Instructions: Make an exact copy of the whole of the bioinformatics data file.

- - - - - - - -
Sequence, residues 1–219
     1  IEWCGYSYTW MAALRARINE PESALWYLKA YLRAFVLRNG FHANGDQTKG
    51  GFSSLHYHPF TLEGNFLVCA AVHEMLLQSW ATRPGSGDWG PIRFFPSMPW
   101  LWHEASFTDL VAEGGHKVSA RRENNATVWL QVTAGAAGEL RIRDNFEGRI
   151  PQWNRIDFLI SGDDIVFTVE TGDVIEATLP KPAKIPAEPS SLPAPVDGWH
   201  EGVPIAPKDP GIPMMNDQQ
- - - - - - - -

Sequence, residues 1–219
     1  IEWCGYSYTW MAALRARINE PESALWYLKA YLRAFVLRNG FHANGDQTKG
    51  GFSSLHYHPF TLEGNFLVCA AVHEMLLQSW ATRPGSGDWG PIRFFPSMPW
   101  LWHEASFTDL VAEGGHKVSA RRENNATVWL QVTAGAAGEL RIRDNFEGRI
   151  PQWNRIDFLI SGDDIVFTVE TGDVIEATLP KPAKIPAEPS SLPAPVDGWH
   201  EGVPIAPKDP GIPMMNDQQ